Teachings of Nisargadatta Maharaj
Nisargadatta Maharaj was a spiritual teacher who advocated the philosophy of Advaita (non-dualism). He was born Maruti Shivrampant Kambli on 17 April, 1897, in Bombay (Mumbai) India. His early life was unremarkable, as he managed some small retail stores.
In 1933, he met Sri Siddharameshwar Maharaj and accepted him as his guru. Kambli was taught a simple meditation technique, which was to focus on the feeling “I am”. Kambli did not read the scriptures or practise any particular type of meditation or breath control. He merely focused on the feeling “I am”. This simple technique worked for him and he attained self-awareness. Soon afterwards, he took the name “Nisargadatta”, which means “one who lives in the natural state”.
In 1937, he tried to leave the worldly life and travelled all over India. But, he soon realized the disadvantages of a life totally detached from the world. So, he came back to his family the next year and spent the remainder of his life in Mumbai.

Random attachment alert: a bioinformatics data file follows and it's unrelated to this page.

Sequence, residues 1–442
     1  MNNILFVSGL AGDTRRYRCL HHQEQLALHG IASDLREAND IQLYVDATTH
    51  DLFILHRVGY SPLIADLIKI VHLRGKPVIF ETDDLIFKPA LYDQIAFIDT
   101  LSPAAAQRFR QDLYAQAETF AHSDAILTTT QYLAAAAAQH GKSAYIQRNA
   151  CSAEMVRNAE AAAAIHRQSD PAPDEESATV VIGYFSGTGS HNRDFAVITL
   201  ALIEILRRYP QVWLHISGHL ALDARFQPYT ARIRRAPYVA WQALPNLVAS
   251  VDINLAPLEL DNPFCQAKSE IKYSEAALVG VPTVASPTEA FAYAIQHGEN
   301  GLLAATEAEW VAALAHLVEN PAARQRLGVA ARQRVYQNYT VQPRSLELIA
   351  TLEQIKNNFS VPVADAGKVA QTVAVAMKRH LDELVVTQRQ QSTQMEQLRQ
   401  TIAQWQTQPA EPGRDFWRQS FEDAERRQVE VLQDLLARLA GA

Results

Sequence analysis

Nisargadatta taught that one should pursue spirituality to know one’s true nature. This can be done by mental discrimination. So, one should learn to use logic to separate the real from the unreal and to understand the mind’s affinity for the ego. Nisargadatta’s teachings are independent of religious and cultural boundaries and he expounded knowledge that was essential, ignoring frivolous trappings.
Advaita scholar Dr. Robert Powell opined that Nisargadatta’s style of teaching is profound, provocative and abrupt. The guru focused on the core and ignored inessentials. His pity sayings can trigger paradigm shifts in the mind, just by reading or hearing them.
Nisargadatta taught that mankind’s true nature is peaceful awareness. However, we identify too much with the body, which prevents us from realizing our “original essence”. Nisargadatta says this essence is pure and detached from worldly events. It is not moved by either happiness or sadness.
Nisargadatta taught that there is no “doer”. Since our true identity is independent of the body and the mind, we are not required to do anything. The body and mind act on their own and we are mere witnesses to their activity. But, the mind thinks that it is responsible for the actions. This idea hinders us from realizing our true self. To sum up Nisargadatta’s message, to know yourself, just be, do not try to seek as it disturbs the mind.